‘Lives of the Stoics’ by Ryan Holiday and Stephen Hanselman
As longtime T&T readers will likely be aware, Ryan Holiday is something of a modern-day expert on Stoicism. His latest release from a month ago, Lives of the Stoics: The Art of Living from Zeno to Marcus Aurelius, goes in-depth into the lives and practices of the most important — and most interesting — men and women who defined and popularized Stoicism in the first place.
Alongside co-author Stephen Hanselman, Holiday presents 26 short biographical sketches exploring the contributions of all these ancient philosophers and how they continue to inspire us today:
Nearly 2,300 years after a ruined merchant named Zeno first established a school on the Stoa Poikile of Athens, Stoicism has found a new audience among those who seek greatness, from athletes to politicians and everyone in between. It’s no wonder; the philosophy and its embrace of self-mastery, virtue, and indifference to that which we cannot control is as urgent today as it was in the chaos of the Roman Empire.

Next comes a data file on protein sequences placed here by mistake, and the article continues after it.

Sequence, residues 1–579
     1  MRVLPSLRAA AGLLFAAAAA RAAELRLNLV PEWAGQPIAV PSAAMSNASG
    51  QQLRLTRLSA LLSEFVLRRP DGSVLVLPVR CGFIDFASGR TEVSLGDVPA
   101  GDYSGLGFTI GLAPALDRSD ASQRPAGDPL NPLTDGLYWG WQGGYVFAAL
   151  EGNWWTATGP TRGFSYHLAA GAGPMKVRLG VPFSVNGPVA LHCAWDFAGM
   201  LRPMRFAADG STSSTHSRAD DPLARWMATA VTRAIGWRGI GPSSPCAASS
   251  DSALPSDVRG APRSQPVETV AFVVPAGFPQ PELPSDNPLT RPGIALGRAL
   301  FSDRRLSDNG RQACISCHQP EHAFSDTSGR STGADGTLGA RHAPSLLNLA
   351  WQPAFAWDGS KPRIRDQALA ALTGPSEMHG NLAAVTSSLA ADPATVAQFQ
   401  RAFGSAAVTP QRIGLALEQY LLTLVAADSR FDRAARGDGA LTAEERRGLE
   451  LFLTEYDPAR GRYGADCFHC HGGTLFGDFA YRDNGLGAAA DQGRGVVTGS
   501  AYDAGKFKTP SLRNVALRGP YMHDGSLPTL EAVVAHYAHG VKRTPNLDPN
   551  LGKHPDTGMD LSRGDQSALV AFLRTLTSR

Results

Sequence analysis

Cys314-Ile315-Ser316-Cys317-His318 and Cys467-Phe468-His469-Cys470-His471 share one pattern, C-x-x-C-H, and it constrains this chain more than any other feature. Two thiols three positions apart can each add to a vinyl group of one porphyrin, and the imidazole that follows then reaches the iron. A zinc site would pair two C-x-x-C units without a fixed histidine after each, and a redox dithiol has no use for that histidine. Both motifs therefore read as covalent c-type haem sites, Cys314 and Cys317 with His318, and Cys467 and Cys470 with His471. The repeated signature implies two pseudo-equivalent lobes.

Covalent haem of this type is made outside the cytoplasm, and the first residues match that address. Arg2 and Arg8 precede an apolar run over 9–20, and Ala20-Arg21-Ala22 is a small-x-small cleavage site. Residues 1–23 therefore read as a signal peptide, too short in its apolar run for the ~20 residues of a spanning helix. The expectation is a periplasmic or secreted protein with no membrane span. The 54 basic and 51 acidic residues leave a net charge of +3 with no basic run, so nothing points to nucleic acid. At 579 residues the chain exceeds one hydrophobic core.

In Lives of the Stoics, Holiday and Hanselman present the fascinating lives of the men and women who strove to live by the timeless Stoic virtues of Courage. Justice. Temperance. Wisdom. Organized in digestible, mini-biographies of all the well-known — and not so well-known — Stoics, this book vividly brings home what Stoicism was like for the people who loved it and lived it, dusting off powerful lessons to be learned from their struggles and successes.
More than a mere history book, every example in these pages, from Epictetus to Marcus Aurelius — slaves to emperors — is designed to help the reader apply philosophy in their own lives. Holiday and Hanselman unveil the core values and ideas that unite figures from Seneca to Cato to Cicero across the centuries. Among them are the idea that self-rule is the greatest empire, that character is fate; how Stoics benefit from preparing not only for success, but failure; and learn to love, not merely accept, the hand they are dealt in life. A treasure of valuable insights and stories, this book can be visited again and again by any reader in search of inspiration from the past.
As that description states, Lives of the Stoics isn’t merely a historical book — it was also written with an eye towards practical application and advice. If you’ve been searching for secrets to the art of living with resilience and virtue in these turbulent times, this will be an indispensable guide.
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